The Mental Illness Stigma

Exposing the Mental Illness Stigma: A Believer’s introduction into Addressing and Stopping the Stigma of Mental Illness in our Community

After yet another mass shooting, this time in El Paso, TX, President Donald Trump went on record to suggest, “Mental illness and hatred pulls the trigger, not the gun.” All due respect to President Trump and all he has done for our country, but I am not in total agreement with his assessment. I totally agree with his stance against hatred, but mental illness does not pull a trigger. His statements, although well intentioned, only further represents the general fear of mental illness and the stigma that many people struggling with a mental illness may encounter. It is this mental illness stigma that convinces them to stay isolated and out of relationships that they need so badly so that they can be healed.

If this stigma of having a mental illness of any kind puts you in the category that you might be more likely to commit a crime then, you might be more inclined to keep your struggles to yourself and become more confused and angry. There has to be a standard of conduct for God’s people so that we don’t drive those who are struggling with mental illness away but rather, we can provide a safe place for them to overcome and find healing.

Misplaced labels

In our society, we use terms and phrases that have become connected to mental illness. Words and phrases like: They are bonkers, they went ape, the looney bin, the nuthouse, the cuckoo’s nest (there is a whole movie about that one) have all become just about synonymous with the term mental illness. No wonder people who are genuinely struggling with depression, anxiety, panic attacks, hearing voices, and a host of other symptoms don’t seek help until it is truly unbearable. Who wants to be put into those categories?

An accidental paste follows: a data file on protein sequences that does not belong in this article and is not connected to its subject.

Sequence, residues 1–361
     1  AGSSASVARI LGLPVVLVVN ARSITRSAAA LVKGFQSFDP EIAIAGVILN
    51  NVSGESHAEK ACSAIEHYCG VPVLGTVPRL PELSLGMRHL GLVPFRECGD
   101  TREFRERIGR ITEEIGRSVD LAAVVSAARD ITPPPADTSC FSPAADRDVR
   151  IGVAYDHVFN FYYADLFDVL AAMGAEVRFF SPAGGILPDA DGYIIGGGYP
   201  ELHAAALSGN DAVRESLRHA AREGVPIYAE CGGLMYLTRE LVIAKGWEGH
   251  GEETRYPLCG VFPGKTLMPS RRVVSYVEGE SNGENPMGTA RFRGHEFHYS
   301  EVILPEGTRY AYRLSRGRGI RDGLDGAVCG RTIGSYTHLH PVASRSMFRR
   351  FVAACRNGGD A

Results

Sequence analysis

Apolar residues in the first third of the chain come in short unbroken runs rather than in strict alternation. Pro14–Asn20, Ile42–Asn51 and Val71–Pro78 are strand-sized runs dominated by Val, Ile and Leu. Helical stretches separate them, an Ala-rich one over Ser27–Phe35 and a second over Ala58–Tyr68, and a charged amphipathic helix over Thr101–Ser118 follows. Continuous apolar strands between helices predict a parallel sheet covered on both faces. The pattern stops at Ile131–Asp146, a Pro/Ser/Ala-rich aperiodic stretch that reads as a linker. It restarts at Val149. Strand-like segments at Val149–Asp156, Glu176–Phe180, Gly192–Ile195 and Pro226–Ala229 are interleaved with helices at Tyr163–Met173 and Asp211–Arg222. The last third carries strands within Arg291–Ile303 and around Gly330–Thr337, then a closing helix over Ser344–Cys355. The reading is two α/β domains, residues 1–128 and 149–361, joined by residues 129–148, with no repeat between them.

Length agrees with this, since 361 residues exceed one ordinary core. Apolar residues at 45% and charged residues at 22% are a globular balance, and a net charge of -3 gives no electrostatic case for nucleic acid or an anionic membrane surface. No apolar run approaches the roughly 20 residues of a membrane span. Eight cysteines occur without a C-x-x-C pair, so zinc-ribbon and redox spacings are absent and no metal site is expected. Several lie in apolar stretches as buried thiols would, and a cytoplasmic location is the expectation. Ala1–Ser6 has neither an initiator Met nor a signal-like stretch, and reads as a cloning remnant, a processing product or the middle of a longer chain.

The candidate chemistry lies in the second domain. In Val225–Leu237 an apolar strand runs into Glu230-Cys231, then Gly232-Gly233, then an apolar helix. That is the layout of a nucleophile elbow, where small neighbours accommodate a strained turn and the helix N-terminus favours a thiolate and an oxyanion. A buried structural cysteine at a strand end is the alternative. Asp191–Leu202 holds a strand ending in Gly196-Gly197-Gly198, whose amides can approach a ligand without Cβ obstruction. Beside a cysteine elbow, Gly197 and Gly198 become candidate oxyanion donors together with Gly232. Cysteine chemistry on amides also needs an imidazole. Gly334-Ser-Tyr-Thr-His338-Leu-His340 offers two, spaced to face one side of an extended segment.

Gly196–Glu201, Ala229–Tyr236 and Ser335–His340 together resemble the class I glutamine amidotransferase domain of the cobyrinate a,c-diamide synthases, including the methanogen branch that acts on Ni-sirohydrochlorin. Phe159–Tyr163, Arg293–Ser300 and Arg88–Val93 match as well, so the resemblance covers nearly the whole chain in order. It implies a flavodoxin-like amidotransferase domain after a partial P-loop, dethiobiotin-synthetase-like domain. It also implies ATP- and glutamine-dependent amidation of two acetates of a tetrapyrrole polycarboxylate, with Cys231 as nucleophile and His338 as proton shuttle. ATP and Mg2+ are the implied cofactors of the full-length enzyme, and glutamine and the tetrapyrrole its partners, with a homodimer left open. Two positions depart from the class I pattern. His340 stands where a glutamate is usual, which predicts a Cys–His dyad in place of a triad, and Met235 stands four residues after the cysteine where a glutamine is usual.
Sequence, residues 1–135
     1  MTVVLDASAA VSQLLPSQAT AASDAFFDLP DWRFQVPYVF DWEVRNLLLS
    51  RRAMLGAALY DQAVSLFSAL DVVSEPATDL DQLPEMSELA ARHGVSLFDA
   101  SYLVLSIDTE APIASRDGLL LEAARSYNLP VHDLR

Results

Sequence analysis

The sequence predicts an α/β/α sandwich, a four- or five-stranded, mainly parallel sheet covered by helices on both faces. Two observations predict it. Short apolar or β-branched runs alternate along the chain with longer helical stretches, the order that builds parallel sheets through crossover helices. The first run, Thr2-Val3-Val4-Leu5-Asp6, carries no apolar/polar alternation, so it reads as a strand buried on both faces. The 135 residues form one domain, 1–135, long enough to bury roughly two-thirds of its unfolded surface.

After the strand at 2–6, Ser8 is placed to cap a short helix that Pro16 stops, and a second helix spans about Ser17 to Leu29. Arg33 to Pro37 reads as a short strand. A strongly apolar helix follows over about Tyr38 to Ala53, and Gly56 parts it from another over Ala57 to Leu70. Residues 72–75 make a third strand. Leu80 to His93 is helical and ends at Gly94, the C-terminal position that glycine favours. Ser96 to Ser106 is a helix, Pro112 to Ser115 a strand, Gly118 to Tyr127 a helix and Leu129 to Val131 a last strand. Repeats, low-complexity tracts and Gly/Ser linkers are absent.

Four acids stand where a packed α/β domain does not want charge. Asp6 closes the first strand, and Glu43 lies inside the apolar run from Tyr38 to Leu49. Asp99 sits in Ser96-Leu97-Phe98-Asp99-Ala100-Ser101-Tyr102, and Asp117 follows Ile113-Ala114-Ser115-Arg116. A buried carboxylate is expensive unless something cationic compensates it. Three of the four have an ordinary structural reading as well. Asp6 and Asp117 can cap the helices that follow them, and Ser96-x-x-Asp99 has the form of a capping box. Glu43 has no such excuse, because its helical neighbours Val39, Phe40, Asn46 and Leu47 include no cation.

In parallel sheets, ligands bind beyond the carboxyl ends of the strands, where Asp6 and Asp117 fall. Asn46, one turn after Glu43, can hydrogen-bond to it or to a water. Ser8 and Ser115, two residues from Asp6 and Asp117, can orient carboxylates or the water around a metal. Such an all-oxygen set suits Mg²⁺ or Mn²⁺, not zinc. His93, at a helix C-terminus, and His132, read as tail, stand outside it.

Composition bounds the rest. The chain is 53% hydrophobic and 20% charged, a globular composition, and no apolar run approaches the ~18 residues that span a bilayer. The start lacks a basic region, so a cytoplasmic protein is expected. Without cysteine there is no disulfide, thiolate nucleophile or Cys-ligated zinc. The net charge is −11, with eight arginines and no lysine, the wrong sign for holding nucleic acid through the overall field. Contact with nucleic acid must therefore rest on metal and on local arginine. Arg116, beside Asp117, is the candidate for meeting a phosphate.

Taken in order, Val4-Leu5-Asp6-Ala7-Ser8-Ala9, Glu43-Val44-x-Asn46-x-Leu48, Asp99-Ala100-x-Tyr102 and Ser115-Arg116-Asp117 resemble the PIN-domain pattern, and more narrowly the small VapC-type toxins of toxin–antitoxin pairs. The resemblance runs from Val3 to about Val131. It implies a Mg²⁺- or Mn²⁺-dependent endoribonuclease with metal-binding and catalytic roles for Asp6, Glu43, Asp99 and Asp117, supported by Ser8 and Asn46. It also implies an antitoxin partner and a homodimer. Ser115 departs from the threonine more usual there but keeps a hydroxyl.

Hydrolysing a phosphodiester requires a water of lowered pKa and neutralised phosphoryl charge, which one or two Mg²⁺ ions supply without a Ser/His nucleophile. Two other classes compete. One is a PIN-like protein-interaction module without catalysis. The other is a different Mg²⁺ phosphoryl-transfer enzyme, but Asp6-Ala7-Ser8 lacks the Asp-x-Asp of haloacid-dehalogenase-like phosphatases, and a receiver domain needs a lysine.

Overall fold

Mishandled by the church

Then if someone does open up and ask for help from a pastor or someone else, they are passed off, by that I mean, referred to the psychiatrists for care. How would it make you feel if someone “doesn’t know what to do with you?” Many times that person becomes one of those “special cases,” and we know that psychiatrists only deal with “really special cases,” right?

A call to action

Now please don’t misunderstand me, this blog is in no way about political correctness and creating safe zones for people by infringing on the first amendment. It is about calling to attention a major deficit in the Body of Christ in the area of a mission that we are all called to participate in. That is caring for and restoring the weak and brokenhearted.

The Spirit of the Lord is upon me,because he hath anointed me to preach the gospel to the poor; he hath sent me to heal the brokenhearted, to preach deliverance to the captives, and recovering of sight to the blind, to set at liberty them that are bruised. Luke 4:18 KJV

Jesus set the example for us

This is what Jesus did while he was here. Today, many of the people He healed and delivered would have been classified as being mentally ill and pushed aside as a problem to society-even someone to be feared and avoided.

And his fame went throughout all Syria: and they brought unto him all sick people that were taken with divers diseases and torments, and those which were possessed with devils, and those which were lunatic, and those that had the palsy; and he healed them. Matthew 4:24 KJV

Rest for the weary

Christ didn’t try to avoid anyone that was down and out. In fact, he exhorted them to come to Him that they could find rest for their souls.